From successful retail to... less retail

Discussion in 'Professional Trading' started by garachen, Feb 7, 2012.

  1. garachen


    I wish that years ago when I was making this transition that somebody would have laid out all the necessary steps and potential roadblocks for beforehand.

    Suppose you are a reasonably profitable single trader. You are on Interactive Brokers and do 400-600 contracts a day making 100-200K/year. You think about hiring other traders but you fear being able to retain them after training and you're not sure you really want to complicate your life.

    I'm save how to handle hiring people for another time.

    What I want to focus on is that transition from a retail platform like IB or other Broker to an Institutional Platform. How to know when you are ready and the potential pitfalls.

    There are 2 reasons to make the move. Speed and fees. If you need access to fast spreaders then speed is super important. If fees are important to you make sure you would be saving at least $10,000 a year by making the move else the headache is probably not worth it.

    A retail platform bundles services. They clear your trades as well as provide software for execution and probably charting. They also track your position intraday. This is all usually bundled into a single fee that probably averages to around 50-60c for doing 500ish contracts a day. That's about $250-$300 fees per day (not counting exchange fees).

    When you move off the retail platform every becomes unbundled and you start to have more fixed costs. Clearing fees go down to average around 25c (much less when you start doing high volume) but you usually have to pay $500-$1500/month for an execution platform which might or might not track your intraday position. Next you might want to rent or buy a seat on the exchange for the products you trade the most - your clearing company should help with that - and you might want to look into co-locating a server in one of the Chicago buildings ($1000-$7000/month).

    Risk starts to take on a different definition. Retail platforms will typically let you buy if you have enough margin and they might give you special margin rates on certain products. Trading new products is pretty straightforward. If you have enough margin the order will go through.

    Institutional is typically very different. Risk is defined as how many of a specific contract are you allowed to get into each day. So you tell the risk department you want to be able to buy 10 CL contracts. You have $300K on deposit. No problem. Then you try to by 1 ES. Can't do it. Need to request risk for every product you want to trade before trading it. So, Monday you buy 8 CL, Tuesday you add 8 CL, Wednesday 10 more. Now you have 26. Now you want to sell all 26 to get flat. Can't do it! You need to call the risk department and get them to bump your risk up first.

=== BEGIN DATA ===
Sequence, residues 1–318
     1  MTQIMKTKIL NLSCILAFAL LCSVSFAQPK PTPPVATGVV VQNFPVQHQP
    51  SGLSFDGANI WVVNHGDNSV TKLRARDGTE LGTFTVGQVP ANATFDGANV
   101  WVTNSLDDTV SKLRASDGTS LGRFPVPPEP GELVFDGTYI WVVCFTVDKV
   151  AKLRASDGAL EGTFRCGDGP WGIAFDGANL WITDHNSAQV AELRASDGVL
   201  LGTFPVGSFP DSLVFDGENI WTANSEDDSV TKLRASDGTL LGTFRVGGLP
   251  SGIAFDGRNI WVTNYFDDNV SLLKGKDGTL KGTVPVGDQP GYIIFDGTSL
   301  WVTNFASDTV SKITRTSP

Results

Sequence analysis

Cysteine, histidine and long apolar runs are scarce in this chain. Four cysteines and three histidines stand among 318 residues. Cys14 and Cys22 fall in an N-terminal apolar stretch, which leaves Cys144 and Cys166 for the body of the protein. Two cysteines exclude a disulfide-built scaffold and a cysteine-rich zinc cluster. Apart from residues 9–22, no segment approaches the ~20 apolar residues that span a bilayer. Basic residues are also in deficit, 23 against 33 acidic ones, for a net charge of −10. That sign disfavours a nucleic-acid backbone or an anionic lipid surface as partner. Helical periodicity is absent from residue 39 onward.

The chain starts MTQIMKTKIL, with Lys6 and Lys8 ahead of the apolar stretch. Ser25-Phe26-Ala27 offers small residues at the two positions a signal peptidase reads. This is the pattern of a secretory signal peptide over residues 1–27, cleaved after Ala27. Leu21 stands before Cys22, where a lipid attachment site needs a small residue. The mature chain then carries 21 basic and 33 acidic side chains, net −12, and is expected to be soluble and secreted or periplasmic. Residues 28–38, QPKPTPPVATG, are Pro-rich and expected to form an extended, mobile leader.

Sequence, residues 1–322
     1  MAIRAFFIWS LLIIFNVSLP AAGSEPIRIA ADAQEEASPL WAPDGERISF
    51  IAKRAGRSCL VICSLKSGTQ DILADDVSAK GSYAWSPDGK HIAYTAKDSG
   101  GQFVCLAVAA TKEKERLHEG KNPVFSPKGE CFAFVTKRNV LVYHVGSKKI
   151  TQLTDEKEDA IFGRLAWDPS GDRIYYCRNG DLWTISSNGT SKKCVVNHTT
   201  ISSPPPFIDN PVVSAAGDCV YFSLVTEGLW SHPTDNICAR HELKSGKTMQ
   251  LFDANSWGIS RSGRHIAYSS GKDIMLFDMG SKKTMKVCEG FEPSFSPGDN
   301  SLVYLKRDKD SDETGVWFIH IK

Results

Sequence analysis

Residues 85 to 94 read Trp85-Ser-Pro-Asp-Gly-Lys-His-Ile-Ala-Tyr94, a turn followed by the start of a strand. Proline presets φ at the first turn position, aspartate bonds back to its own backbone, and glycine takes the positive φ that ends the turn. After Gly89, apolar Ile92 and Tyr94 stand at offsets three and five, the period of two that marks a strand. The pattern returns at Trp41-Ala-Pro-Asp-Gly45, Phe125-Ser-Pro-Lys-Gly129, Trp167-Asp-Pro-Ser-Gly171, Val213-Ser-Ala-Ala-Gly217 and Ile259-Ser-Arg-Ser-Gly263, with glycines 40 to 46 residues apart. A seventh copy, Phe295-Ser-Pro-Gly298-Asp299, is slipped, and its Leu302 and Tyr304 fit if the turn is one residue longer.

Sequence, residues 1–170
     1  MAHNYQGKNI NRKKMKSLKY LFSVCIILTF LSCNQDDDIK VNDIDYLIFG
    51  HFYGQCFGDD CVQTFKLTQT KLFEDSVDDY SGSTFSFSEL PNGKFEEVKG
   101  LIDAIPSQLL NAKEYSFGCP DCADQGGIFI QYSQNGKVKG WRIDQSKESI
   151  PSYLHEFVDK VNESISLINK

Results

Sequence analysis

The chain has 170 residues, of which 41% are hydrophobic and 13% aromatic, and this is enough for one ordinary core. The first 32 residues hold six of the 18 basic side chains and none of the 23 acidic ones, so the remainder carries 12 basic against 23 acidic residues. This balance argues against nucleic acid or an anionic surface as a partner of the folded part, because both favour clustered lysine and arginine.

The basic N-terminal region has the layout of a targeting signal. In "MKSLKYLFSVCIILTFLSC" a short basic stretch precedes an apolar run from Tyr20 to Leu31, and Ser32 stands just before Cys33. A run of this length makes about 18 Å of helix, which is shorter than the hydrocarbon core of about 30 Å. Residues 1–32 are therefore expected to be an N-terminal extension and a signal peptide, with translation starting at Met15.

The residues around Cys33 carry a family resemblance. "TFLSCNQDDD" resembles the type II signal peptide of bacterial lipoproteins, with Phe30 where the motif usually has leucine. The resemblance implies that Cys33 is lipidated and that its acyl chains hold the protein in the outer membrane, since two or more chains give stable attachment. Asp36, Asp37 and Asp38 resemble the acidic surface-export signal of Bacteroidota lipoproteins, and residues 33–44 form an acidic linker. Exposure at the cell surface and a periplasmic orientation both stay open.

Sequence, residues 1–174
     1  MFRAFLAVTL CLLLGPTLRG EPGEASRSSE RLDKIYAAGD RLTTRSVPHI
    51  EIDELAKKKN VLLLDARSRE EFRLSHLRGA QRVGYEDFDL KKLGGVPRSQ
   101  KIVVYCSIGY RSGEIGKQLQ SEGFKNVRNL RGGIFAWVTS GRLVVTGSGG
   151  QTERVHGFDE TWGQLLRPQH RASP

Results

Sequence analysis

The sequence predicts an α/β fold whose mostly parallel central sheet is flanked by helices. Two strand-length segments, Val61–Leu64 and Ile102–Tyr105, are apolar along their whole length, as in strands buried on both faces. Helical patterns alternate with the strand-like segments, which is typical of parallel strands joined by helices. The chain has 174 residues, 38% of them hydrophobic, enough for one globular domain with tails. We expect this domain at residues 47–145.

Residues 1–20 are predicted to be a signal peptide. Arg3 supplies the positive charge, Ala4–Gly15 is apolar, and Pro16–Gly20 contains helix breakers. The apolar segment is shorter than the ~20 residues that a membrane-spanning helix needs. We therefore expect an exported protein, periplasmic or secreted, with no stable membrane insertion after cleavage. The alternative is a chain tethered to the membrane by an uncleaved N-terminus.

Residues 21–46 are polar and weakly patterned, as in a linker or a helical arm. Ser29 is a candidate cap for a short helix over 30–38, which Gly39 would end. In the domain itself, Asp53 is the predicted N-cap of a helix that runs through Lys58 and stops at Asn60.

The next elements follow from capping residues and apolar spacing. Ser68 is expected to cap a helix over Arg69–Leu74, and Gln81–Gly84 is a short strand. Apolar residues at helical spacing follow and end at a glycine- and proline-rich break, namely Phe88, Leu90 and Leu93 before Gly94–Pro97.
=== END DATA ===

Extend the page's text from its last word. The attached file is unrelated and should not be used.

Most clearing companies care about overnight margin and care very little or do not even track intraday margin. And the systems that monitor your intraday positions are totally separate from the systems that monitor your risk. So, suspend rationality at the door - don't argue that nothing makes sense and move on.

    Position tracking:

    It is YOUR responsibility to track your position. If network connections go down and you fill without getting notified or the exchange starts breaking your trades it is not the clearing company's problem. It is your problem and you need to call the exchange and reconcile your position with them then let your clearing company know. If your clearing company accidentally puts someone else's trades in your account it is YOUR problem. You have to have some way to look at your overnight statement and be able to prove that you did not make those trades. If you are trading many thousand contracts a day this becomes kind of a pain. I've seen several people blow up this way - exiting a position that they never owned in the first place. So when the 'entry' was removed weeks later their account went to $0.

    Most clearing companies offer many ways to execute trades: Pats, TT, Orc, RTS to name a few. What exchanges you can access is the combination of what the software supports and what exchange gateways are offered by your host.

    Pats: never used them - seem to be getting phased out some places

    TT: use them a lot. Fairly good exchange connectivity. Tech support is very spotty. Some things they care a lot about fixing and some they don't care at all ever. ONLY FOR FUTURES AND FUTURES OPTIONS

    Orc: thought about using them. Their software model seems like the most elegant but they aren't very standard